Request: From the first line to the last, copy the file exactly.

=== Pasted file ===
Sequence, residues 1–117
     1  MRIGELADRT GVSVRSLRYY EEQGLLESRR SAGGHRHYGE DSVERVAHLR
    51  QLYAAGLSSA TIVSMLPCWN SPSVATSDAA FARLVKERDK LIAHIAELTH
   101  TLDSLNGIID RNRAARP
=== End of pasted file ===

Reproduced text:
Sequence, residues 1–117
     1  MRIGELADRT GVSVRSLRYY EEQGLLESRR SAGGHRHYGE DSVERVAHLR
    51  QLYAAGLSSA TIVSMLPCWN SPSVATSDAA FARLVKERDK LIAHIAELTH
   101  TLDSLNGIID RNRAARP